“My son is a third-generation band director,” Bair read from the statement. “My dad was so proud of him, his grandson, and was looking forward to seeing him lead his own band.”
Marie Harvey, homicide/other violent crimes counselor for D/SAOC, read a letter from John McCartney’s daughter, Kim Spencer.
Spencer wrote that, instead of family members getting to see John McCartney, they will now only hear stories of him.
“Now we will have to tell his great-grandchildren about Grandpa because of your choice to get drunk and then drive,” Harvey read from the letter.
Ronnie Shivers, Leon Shivers’ brother, spoke in support of his family and asked the McCartneys for forgiveness.
In speaking to the family, Shivers referred to his brother by his middle name, Kurt.
“I wanted to say sorry,” Ronnie Shivers said. “I’m sorry for you losing your husband, son and father as well, and I’m sorry for losing my brother. Kurt being drunk, he didn’t know how to acknowledge the fact he’s a drinker. I hope Fort Dodge knew Kurt was a drinker.”
While Shivers was not justifying his brothers’ actions, he said there was someone else that night who gave the keys to his brother to drive, despite knowing he was drunk.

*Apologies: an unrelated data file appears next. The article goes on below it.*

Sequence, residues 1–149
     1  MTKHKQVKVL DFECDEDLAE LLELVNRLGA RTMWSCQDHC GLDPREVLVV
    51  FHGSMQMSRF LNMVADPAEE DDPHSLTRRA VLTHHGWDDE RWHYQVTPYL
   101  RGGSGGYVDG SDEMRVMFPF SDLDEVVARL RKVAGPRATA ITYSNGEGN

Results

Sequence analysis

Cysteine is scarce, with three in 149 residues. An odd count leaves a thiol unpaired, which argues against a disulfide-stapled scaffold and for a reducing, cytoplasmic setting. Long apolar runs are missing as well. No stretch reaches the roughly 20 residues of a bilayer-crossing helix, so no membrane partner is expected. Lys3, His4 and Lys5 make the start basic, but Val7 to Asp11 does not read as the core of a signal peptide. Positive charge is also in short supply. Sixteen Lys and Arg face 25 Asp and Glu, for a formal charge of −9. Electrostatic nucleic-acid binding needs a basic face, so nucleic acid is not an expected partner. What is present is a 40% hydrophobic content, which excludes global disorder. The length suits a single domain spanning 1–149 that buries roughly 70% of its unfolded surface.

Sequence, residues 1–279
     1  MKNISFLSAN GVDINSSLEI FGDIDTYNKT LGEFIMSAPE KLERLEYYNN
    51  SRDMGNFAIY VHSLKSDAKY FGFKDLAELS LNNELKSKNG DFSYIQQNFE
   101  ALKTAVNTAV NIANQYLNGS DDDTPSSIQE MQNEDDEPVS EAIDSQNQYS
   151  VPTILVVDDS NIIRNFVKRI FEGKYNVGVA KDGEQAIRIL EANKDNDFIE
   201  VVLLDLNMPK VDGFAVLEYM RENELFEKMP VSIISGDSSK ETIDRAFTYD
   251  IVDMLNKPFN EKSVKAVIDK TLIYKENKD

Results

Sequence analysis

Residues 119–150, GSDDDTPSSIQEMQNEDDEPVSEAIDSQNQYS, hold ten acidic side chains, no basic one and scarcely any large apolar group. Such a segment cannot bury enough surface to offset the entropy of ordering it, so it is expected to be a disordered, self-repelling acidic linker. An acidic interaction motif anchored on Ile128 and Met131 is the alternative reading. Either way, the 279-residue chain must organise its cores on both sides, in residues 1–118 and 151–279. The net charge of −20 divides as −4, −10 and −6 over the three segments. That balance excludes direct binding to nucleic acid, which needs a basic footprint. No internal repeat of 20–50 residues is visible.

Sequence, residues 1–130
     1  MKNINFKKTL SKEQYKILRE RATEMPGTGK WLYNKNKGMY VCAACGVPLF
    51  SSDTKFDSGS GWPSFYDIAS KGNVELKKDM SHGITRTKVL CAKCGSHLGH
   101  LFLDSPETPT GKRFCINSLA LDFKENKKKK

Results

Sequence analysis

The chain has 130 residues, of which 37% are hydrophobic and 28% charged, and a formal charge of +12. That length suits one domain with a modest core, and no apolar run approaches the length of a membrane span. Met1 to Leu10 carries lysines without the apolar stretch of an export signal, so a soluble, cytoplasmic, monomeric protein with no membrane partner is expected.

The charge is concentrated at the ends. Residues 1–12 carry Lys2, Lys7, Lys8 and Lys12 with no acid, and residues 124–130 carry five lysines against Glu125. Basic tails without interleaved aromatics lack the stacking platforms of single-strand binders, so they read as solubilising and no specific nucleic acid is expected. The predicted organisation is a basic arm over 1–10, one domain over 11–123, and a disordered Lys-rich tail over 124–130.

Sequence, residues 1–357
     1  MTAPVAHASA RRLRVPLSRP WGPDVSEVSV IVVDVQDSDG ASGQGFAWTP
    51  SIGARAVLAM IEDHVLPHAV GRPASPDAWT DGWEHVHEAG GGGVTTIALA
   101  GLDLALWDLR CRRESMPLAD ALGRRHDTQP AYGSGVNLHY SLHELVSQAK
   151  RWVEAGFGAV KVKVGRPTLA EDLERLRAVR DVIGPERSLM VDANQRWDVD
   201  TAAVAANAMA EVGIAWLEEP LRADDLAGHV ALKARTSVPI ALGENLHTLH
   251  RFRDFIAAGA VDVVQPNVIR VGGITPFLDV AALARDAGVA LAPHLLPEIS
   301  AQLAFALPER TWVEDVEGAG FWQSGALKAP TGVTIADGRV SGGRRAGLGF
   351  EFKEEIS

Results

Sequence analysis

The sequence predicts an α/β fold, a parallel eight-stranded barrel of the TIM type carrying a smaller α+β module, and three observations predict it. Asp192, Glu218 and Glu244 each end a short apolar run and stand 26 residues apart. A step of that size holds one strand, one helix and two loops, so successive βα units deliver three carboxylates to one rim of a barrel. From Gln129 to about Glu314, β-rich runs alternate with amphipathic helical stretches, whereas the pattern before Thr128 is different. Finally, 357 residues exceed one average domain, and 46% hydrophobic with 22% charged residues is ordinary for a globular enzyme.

He only identified this person as female and did not name this person.
“The girl that gave her keys to the car knew Kurt was drunk,” Shivers said. “That’s a crime. Therefore, we lost two lives because of one person’s neglect.”
He also said Leon Shivers was not what caused John McCartney’s death, but rather the SUV he was driving was.
“Leon did not commit the crime, the car committed the crime,” Ronnie Shivers said. “I need everyone to acknowledge the car. Instead of looking at Kurt like he literally killed someone, you look at the car.”
In addition to his prison sentence, Shivers will have to pay at least $150,000 in restitution. More restitution will be coming once the county attorney’s office receives a final total from the McCartney family.